– Test and know your resource requirements (at movio devs teams specify, check and adjust)
– Be aware of the node sizes
– Stateless please
– if not stateless than clustered please
– Must handle unexpected immediate restarts
Here’s a summary of the 2016 Linux Security Summit, which was held last month in Toronto.
Presentation slides are available at http://events.linuxfoundation.org/events/archive/2016/linux-security-summit/program/slides.
This year, videos were made of the sessions, and they may be viewed at https://www.linux.com/news/linux-security-summit-videos — many thanks to Intel for sponsoring the recordings!
LWN has published some excellent coverage:
- Inside the mind of a Coccinelle programmer (Julia Lawall keynote)
- State of the Kernel Self Protection Project (Kees Cook)
- Toward measured boot out of the box (Matthew Garrett)
- Filesystem images and unprivileged containers (james Bottomley)
- On the way to safe containers (Stéphane Graber and Tycho Andersen)
- Minijail (Jorge Lucangeli Obes)
- AMD memory encryption technologies (David Kaplan)
- Audit, namespaces, and containers (Richard Guy Briggs)
This is a pretty good representation of the main themes which emerged in the conference: container security, kernel self-protection, and integrity / secure boot.
Many of the core or low level security technologies (such as access control, integrity measurement, crypto, and key management) are now fairly mature. There’s more focus now on how to integrate these components into higher-level systems and architectures.
One talk I found particularly interesting was Design and Implementation of a Security Architecture for Critical Infrastructure Industrial Control Systems in the Era of Nation State Cyber Warfare. (The title, it turns out, was a hack to bypass limited space for the abstract in the cfp system). David Safford presented an architecture being developed by GE to protect a significant portion of the world’s electrical grid from attack. This is being done with Linux, and is a great example of how the kernel’s security mechanisms are being utilized for such purposes. See the slides or the video. David outlined gaps in the kernel in relation to their requirements, and a TPM BoF was held later in the day to work on these. The BoF was reportedly very successful, as several key developers in the area of TPM and Integrity were present.
— LinuxSecuritySummit (@LinuxSecSummit) August 25, 2016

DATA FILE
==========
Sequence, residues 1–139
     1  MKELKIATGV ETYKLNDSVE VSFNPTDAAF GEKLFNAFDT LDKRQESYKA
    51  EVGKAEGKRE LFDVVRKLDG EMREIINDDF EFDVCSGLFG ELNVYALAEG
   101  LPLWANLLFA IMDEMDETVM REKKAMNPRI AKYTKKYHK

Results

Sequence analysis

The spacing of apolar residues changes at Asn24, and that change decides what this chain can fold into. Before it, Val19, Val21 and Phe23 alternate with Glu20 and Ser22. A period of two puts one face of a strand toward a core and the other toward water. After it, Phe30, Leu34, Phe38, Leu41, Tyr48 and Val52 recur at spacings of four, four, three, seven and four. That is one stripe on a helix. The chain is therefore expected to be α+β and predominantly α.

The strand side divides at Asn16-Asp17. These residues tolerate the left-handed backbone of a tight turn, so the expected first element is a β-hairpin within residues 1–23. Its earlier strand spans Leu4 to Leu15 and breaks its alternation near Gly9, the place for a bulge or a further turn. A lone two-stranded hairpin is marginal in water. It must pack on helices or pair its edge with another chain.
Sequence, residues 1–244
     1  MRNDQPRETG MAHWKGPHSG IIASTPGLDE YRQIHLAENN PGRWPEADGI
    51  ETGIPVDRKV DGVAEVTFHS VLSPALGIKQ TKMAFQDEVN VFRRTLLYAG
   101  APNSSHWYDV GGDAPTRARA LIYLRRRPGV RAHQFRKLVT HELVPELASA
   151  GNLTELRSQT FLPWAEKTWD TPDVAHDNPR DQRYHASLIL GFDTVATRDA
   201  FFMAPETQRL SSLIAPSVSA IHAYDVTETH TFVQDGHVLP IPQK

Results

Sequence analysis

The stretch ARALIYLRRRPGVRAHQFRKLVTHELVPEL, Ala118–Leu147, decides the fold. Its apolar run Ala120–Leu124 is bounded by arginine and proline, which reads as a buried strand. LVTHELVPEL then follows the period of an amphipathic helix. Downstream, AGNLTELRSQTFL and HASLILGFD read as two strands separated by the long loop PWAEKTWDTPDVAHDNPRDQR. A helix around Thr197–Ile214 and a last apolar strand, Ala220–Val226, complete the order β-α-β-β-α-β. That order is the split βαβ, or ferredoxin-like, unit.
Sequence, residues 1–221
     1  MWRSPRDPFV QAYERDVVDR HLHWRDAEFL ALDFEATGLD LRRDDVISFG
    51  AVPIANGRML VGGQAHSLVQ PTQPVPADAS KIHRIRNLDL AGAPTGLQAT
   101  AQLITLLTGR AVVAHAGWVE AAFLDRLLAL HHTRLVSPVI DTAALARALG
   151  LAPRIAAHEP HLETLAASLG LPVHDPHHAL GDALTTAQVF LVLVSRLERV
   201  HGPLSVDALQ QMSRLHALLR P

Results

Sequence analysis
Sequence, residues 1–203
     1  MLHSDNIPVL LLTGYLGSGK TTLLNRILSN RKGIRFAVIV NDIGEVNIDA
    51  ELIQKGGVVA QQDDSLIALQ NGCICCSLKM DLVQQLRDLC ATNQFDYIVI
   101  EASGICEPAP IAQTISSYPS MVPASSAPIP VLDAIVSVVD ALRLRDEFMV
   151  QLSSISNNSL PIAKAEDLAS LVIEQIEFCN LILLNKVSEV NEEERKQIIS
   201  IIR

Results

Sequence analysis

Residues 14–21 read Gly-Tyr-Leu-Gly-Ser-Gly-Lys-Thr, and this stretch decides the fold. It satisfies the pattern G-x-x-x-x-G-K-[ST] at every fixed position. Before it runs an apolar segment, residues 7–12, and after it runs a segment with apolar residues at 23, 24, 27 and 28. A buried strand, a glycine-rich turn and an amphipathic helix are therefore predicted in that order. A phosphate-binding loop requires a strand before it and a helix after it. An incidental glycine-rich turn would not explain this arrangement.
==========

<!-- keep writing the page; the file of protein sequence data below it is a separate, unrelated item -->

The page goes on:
Attendance at LSS was the highest yet with well over a hundred security developers, researchers and end users.
Special thanks to all of the LF folk who manage the logistics for the event. There’s no way we could stage something on this scale without their help.
Stay tuned for the announcement of next year’s event!
– “News” Website
– 5 person DevOps team
– “Something you do because Gartner said it’s cool”
– Sysadmin -> InfraCoder/SRE -> Dev Shepherd -> Dev
– Stuff in the middle somewhere
Company Structure drives DevOps structure
– Lots of products – one team != one product
– Dev teams with very specific focus
– Scale – too big, yet to small
About our team
– Mainly Ops focus
– small number compared to developers
– Operate like an agency model for developers
– “If you buy the Dom Post it would help us grow our team”
– Lots of different vendors with different skill levels and technology
– Use KanBan with Jira
– Works for Ops focussed team
– Not so great for long running projects
War Against OnCall
– Biggest cause of burnout
– focus on minimising callouts
– Zero alarm target
– Love pagerduty
Commonalities across platforms
– Everyone using compute
– Using Public Cloud
– Using off the shelf version control, deployment solutions
– Don’t get overly creative and make things too complex
– Proven technology that is well tried and tested and skills available in marketplace
– Classic technologist like Nginx, Java, Varnish still have their place. Don’t always need latest fashion
– Linux, ubuntu
– Adobe AEM Java CMS
– AWS 14x c4.2xlarge
– Varnish in front, used by everybody else. Makes ELB and ALB look like toys
How use Varnish
– Retries against backends if 500 replies, serve old copies
– split routes to various backends
– Control CDN via header
– Dynamic Configuration via puppet
– Keeps online during breaking load
– 90% cache offload
– Management is a bit slow and manual
– Small batch jobs
– Check mail reputation score
– “Download file from a vendor” type stuff
– Purge cache when static file changes
– Lamda webapps – Hopefully soon, a bit immature
Increasing number of microservices
Standards are vital for microservices
– Simple and reasonable
– Shareable vendors and internal
– grow organicly
– Needs to be detail
– 12 factor App
– 3 languages Node, Java, Ruby
– Common deps (SQL, varnish, memcache, Redis)
– Build pipeline standardise. Using Codeship
– Standardise server builds
– Everything Automated with puppet
– Puppet building docker containers (w puppet + puppetstry)
– Std Application deployment
– Had proliferation
– pm2, god, supervisord, systemvinit are out
– systemd and upstart are in
– “Enterprise ___” is always bad
– Educating the business is a forever job
– Be reasonable, set boundaries
More Stuff at
Q: Pull request workflow
A: Largely replaced traditional review
Q: DR eg AWS outage
A: Documented process if codeship dies can manually push, Rest in 2*AZs, Snapshots
Q: Dev teams structure
A: Project specific rather than product specific.
Q: Puppet code tested?
A: Not really, Kinda tested via the pre-prod environment, Would prefer result (server spec) testing rather than low level testing of each line
A: Code team have good test coverage though. 80-90% in many cases.
Q: Load testing, APM
A: Use New Relic. Not much luck with external load testing companies
Q: What is somebody wants something non-standard?
A: Case-by-case. Allowed if needed but needs a good reason.
Q: What happens when automation breaks?
A: Documentation is actually pretty good.